And the signs are chilling: The unrestrained love of guns and violence and the laws (or the lack thereof) that support such is outrageous and way out of control. Most of our important jobs have been outsourced while our food, clothing and other life essentials are virtually imported. Our school system is an international joke compared to other developed countries, while higher education is fast becoming out of reach for most.

Many of our divisive lawmakers have seemingly fallen prey to egocentric lunacy while still trying to run our government, and it just ain’t working!

Yet, we the people are not without hope.

Together we must march, plain and simple! To march on Washington is to make our presence known, that is if we truly want to save our democracy.

Saving Our Democracy Takes all Americans

In the 50s, after growing tired of centuries of suppression in their own country, African Americans came together, along with other reasonable Americans and world citizens, and ultimately formed what would become the Modern Civil Rights Movement, which changed history and our country for the better.

Today, all Americans are now being called upon to step up and save our democracy.

Too long have too many good Americans hid behind the wall of delusional racism, sexism, and, yes, even success-ism while virtually pursuing their own American dream and leaving the success of their government up to others.

Well, this “me” attitude has gone just about as far as it can go in a functional democracy. So “we the people” must change our focus now.

The New Civil Rights Movement

A new civil rights movement is sure if ‘we the people’ are to rid our government of systemic corruption and restore a fully functioning democracy.

As JFK (Pres. John Fitzgerald Kennedy) would say, the cause is just and the need is profound.

As LBJ (Pres. Lyndon Baines Johnson) would say: My fellow Americans, what the hell is wrong with you? Move your ass now! Vote the lying, greedy bastards out of your government and demand the democracy you deserve. You know who they are!

As Jimmy Carter (Pres. James Earl Carter) would reverently remind us, I still know how to run a clean election.

Let the New Civil Rights Movement comprised of all Americans begin now!

It’s time to march now, both in Spirit and at the ballot box, and so we must.

Do keep the faith! And may God bless our democracy.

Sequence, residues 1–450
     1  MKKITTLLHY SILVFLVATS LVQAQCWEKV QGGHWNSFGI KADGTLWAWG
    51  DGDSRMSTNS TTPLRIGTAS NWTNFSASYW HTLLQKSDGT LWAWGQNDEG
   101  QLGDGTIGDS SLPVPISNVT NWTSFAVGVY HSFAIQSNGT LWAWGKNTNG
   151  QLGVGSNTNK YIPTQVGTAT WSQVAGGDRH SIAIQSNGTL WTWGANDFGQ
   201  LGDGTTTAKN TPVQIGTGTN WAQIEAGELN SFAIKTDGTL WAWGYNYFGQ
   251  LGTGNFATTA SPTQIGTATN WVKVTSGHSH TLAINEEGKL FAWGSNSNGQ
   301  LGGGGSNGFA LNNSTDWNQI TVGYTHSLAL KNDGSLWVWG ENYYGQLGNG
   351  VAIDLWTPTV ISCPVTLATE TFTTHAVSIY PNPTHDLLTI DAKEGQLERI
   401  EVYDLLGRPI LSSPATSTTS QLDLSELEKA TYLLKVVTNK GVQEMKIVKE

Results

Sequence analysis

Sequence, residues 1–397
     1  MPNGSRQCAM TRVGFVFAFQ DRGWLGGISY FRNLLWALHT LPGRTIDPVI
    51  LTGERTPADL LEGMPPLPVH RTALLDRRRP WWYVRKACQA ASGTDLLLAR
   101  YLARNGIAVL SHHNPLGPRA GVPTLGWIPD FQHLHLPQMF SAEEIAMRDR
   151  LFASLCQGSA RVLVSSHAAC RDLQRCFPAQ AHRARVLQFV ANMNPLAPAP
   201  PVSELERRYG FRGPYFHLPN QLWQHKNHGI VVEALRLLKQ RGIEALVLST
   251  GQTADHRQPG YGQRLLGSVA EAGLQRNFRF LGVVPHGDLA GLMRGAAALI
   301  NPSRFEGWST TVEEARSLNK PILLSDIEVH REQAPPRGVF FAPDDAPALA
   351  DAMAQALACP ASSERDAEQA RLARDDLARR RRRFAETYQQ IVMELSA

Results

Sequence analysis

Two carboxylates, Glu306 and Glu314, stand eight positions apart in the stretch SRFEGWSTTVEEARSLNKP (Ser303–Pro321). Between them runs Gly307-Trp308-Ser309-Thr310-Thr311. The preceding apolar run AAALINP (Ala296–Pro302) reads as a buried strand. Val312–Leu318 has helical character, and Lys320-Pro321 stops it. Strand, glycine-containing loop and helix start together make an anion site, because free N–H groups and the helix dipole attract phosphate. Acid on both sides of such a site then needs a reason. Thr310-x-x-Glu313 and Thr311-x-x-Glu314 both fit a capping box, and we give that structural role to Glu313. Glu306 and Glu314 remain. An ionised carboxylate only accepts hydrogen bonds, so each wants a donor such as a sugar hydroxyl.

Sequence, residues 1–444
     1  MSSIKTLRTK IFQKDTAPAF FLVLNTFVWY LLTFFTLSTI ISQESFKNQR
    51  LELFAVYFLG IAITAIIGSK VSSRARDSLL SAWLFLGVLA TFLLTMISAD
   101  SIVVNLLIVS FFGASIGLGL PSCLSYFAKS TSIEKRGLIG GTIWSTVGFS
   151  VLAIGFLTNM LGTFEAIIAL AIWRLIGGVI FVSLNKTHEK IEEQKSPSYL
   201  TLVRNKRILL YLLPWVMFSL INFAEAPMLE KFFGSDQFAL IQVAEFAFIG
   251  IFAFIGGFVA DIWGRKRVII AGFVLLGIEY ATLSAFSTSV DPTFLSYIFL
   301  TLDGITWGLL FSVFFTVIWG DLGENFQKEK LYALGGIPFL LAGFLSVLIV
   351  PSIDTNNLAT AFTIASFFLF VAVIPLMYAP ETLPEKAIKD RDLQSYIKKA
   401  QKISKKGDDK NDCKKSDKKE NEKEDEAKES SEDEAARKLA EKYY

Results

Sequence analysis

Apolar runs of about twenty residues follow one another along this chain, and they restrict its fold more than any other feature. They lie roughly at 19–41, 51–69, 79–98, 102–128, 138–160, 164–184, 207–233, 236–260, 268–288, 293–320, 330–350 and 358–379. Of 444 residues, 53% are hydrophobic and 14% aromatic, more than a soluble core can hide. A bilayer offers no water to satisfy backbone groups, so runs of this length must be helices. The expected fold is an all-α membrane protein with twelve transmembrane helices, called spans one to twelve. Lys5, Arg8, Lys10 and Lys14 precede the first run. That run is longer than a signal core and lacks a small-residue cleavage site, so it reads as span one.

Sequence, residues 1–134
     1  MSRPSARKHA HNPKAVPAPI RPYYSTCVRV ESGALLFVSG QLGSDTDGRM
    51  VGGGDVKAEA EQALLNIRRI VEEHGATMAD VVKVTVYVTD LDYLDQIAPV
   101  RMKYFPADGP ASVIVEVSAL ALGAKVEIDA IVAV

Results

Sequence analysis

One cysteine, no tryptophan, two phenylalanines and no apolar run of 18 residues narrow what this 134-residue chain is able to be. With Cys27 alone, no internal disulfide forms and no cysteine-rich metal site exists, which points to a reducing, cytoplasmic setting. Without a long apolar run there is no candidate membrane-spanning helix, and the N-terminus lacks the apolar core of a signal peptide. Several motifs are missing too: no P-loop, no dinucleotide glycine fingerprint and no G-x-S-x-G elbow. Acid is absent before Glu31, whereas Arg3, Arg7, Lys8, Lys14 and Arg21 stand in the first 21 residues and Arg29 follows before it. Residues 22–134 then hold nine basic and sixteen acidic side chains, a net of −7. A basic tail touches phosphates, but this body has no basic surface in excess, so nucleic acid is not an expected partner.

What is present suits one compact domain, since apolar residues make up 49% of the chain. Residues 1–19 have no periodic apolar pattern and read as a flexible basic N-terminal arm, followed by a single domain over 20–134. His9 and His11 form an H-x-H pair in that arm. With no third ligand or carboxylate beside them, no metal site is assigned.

© 2012-2013 by Delores L Adams and The Aunt Jemimah Post. All rights reserved.

Updated January 13, 2016

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             “I tremble for my country when I reflect that God is just:
                             That justice cannot sleep forever.”
                                     ~Pres. Thomas Jefferson

First, much respect to all the hard-working jurors in the recent trial of George Zimmerman for the killing of Trayvon Martin on 26 February 2012. We appreciate their service and the difficulty they must have faced when trying to strike a balance between the law as written and fairness to the accused. Which we now believe was virtually impossible!

Given the overall ambivalence caused by Florida’s insane “Stand Your Ground” law that was quietly entered into the convoluted jury instructions, though not claimed as a defense during the actual trial, as well as the other dark forces meant to subvert the truth, Justice clearly was not summoned in this trial. As leaving jurors to try to make sense out of nonsense never really works for all concerned, which is the essence of true justice.

And so a special thanks to Maddy, Juror B29, for having the courage to step up and answer the call for Justice after the trail! Despite their not guilty verdict, it was heartening to hear at least one of the jurors declare that “Zimmerman got away with murder”. Maddy also stated that, “even though in our hearts we felt he was guilty,” she “felt confused” and had to follow the law as read to her, which helps nonetheless.